Choice architecture is not about nice buildings. It's about encouraging people to do stuff; the architecture of choice. Not a new concept by any means - the entire ad industry is based on it. There are some wonderful examples of how behaviour can be influenced in VW's The Fun Theory website. My favourite is the bottomless trash can. Originally designed to stop people dropping litter, it was so successful that folks actually went around looking for rubbish to deposit.
Choice architecture is also a central component of the UK Coalition Government's 'Big Society'. For example, encouraging individuals to volunteer in local initiatives, something that could never be coerced or mandated. Thaler and Sunstein's book 'Nudge' uses some interesting examples from organ donation and energy consumption to illustrate how our lifestyle choices are subtly, but deliberately, being influenced by government policy.
So how does Choice Architecture relate to Organisational Learning and knowledge sharing across firms? Well, the verbs encourage, persuade, influence are central. This is neatly reflected in Dave Snowden's heuristic of "Knowledge will only ever be volunteered it can not be conscripted". We need to be cognizant of the fact that, irrespective of corporate edicts about collaboration, or investment in web2.0 technology, every individual has a choice in whether they share or not.
My boss in a previous job used to talk about 'the pain principle'. If something is easier (or in the case of the trash can, more fun) to do the new way, it is more likely to happen. If it is more difficult, or a pain, it won't. Every intervention, technology, policy or tool we develop should be subject to the Choice Architect's slide rule; 'is it easier, quicker, less costly or (heaven forbid) more fun for the individual than the old way'? At this level, 'easier' probably trumps the others.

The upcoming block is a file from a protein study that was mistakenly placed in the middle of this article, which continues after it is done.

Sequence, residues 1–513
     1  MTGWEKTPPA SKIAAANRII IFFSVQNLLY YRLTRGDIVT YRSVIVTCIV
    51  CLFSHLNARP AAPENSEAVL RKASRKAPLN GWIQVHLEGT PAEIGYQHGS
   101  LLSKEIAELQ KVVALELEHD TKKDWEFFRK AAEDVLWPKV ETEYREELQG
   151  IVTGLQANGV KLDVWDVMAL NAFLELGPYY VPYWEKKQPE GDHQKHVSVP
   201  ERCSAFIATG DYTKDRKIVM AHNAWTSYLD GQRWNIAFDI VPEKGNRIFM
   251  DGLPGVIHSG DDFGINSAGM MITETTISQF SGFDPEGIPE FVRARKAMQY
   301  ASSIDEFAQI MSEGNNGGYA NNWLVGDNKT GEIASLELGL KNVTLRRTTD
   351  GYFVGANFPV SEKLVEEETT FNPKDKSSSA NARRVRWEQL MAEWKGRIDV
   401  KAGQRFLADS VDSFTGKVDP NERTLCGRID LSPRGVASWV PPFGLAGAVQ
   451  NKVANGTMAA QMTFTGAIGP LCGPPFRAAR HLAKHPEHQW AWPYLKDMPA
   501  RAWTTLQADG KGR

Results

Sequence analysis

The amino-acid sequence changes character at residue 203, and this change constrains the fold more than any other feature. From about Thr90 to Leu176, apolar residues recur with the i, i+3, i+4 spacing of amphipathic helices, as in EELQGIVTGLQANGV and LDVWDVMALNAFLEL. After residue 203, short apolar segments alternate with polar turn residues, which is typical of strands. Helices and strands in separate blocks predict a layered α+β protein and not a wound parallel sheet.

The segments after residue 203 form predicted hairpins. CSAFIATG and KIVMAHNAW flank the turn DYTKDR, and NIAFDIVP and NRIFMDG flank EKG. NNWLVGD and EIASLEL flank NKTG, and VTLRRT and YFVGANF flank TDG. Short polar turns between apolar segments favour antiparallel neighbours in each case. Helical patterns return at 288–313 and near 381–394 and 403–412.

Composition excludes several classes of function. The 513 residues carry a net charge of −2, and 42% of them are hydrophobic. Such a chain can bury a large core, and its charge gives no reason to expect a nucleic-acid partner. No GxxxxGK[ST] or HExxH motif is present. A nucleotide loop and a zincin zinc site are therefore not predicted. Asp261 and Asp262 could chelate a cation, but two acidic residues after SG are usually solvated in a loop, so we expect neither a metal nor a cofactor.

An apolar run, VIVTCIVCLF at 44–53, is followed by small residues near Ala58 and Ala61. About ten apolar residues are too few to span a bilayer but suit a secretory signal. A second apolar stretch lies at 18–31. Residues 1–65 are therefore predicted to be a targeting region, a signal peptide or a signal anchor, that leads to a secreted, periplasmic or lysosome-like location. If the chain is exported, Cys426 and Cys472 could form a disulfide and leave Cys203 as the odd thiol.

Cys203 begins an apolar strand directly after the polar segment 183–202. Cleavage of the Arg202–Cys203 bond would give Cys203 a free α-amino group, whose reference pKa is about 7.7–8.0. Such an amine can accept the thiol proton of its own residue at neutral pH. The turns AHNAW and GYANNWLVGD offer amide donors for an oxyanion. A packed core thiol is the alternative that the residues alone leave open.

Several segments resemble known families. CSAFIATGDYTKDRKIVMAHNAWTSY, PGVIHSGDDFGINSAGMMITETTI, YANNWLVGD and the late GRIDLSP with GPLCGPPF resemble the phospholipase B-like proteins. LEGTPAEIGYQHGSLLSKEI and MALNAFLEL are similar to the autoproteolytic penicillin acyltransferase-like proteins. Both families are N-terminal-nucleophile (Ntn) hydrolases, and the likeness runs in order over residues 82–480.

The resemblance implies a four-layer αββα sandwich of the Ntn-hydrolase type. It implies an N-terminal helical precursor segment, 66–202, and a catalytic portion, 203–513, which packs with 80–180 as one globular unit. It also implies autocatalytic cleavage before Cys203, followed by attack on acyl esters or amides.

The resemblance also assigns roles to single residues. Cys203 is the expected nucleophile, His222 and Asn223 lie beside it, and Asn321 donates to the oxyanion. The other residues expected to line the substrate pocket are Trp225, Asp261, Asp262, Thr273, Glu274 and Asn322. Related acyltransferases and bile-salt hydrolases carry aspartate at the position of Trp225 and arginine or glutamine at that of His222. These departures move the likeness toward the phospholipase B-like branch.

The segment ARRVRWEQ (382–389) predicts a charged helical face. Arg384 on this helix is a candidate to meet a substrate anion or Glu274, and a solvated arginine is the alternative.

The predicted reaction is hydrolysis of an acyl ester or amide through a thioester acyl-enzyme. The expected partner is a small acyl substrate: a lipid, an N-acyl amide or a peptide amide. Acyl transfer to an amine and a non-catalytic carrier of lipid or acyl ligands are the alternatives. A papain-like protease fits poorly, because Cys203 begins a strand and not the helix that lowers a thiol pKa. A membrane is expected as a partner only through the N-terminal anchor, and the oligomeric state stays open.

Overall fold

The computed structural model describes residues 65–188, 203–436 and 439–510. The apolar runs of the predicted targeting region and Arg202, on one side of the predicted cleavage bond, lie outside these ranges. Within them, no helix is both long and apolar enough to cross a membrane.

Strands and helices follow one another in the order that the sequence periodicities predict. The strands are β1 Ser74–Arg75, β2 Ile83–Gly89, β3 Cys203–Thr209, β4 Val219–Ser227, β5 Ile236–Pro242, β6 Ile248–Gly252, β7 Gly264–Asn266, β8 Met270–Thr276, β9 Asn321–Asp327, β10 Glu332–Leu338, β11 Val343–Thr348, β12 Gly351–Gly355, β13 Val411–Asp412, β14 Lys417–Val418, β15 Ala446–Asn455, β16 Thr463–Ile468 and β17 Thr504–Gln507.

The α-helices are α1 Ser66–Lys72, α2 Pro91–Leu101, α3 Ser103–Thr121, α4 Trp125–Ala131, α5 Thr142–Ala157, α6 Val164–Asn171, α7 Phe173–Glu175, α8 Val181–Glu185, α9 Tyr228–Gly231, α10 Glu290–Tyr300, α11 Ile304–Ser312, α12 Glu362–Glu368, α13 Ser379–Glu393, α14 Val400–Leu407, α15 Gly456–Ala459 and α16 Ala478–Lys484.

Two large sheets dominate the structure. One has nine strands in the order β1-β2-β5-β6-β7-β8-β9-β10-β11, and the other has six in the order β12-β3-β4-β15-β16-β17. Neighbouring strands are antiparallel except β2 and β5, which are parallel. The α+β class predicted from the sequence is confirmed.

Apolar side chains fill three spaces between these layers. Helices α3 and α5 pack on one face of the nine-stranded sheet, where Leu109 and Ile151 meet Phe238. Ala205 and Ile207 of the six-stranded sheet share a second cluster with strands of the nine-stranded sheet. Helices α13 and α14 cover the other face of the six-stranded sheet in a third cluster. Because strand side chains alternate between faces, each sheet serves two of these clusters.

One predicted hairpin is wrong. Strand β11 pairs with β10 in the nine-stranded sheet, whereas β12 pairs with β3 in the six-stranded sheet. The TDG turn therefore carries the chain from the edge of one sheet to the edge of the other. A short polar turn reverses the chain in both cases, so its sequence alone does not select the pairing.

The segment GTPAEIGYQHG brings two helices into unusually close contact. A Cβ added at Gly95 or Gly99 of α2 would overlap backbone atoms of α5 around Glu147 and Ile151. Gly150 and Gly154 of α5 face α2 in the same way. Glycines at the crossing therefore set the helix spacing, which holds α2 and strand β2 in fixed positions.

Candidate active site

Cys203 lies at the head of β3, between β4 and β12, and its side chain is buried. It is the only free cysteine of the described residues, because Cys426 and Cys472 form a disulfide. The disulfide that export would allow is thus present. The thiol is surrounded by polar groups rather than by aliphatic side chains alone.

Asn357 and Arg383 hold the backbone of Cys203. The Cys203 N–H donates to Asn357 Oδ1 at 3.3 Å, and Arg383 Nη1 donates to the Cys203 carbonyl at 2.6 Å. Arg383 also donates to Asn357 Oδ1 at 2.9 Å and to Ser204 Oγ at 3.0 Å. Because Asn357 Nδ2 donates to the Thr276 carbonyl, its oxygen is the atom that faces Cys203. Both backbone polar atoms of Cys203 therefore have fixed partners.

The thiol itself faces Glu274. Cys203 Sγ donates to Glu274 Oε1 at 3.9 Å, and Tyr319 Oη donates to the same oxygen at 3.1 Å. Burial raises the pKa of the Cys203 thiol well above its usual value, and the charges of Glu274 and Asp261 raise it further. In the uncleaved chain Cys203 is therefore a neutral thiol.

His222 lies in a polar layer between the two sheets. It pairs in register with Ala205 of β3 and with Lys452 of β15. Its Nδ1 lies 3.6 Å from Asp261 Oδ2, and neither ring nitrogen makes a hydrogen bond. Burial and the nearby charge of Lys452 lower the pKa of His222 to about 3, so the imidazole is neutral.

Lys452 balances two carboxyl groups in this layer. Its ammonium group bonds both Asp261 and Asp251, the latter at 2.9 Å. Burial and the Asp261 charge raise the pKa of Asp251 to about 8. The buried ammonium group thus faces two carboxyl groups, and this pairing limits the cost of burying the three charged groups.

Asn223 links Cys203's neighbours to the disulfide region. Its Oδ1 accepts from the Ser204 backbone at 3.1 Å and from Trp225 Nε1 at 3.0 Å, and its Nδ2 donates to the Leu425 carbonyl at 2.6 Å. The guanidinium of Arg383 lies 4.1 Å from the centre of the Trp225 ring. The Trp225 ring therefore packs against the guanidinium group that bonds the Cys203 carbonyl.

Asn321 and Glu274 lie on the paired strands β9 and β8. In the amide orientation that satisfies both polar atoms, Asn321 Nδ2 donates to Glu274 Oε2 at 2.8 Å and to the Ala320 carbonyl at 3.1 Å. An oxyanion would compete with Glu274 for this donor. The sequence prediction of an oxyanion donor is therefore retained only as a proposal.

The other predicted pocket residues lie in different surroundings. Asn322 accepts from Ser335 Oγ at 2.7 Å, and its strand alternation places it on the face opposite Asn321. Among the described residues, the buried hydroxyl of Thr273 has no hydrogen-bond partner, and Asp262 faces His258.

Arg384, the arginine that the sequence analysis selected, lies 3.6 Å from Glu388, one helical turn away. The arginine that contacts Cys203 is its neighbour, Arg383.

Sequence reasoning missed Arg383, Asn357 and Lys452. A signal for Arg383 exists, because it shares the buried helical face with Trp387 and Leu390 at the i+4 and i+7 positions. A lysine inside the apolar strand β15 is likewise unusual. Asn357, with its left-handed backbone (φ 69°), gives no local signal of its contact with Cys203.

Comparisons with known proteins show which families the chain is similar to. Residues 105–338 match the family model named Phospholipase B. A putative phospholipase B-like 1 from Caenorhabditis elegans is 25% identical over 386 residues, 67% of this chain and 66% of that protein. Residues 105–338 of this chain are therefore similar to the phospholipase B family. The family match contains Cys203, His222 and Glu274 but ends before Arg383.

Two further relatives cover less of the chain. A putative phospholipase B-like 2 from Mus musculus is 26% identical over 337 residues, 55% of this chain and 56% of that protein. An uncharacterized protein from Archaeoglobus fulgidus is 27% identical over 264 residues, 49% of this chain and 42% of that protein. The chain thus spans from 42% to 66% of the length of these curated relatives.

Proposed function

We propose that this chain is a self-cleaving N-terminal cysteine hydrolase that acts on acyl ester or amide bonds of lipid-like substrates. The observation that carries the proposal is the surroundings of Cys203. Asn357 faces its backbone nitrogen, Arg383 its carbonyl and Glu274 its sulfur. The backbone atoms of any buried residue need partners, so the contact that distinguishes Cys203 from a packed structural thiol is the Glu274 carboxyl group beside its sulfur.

I am amazed at how many change programmes and technology projects miss out on applying this simple test.
Thursday, 24 March 2011
Friday, 11 March 2011
We presented the results of the KIN 2011 Maturity Model at yesterday's Spring Workshop.The results graphically show the delta between those with a high level of maturity in certain components and those with a desire to improve.
The components assessed were: Knowledge sharing strategy, Measuring impact, Learning and innovating, Collaborating and Re-using. We will use the benchmarking results to ensure the KIN programme for the year reflects this need.
It is also an invaluable signpost to how KIN Members themselves can:
- Connect peer-to-peer to learn and improve in those knowledge-sharing aspects where they see a capability gap
- Benchmark their own improvement over time (we will make this an annual exercise)
- Identify pockets of excellence and demand within their organisation (the tool is available for use by Members at a more granular level)Image via Wikipedia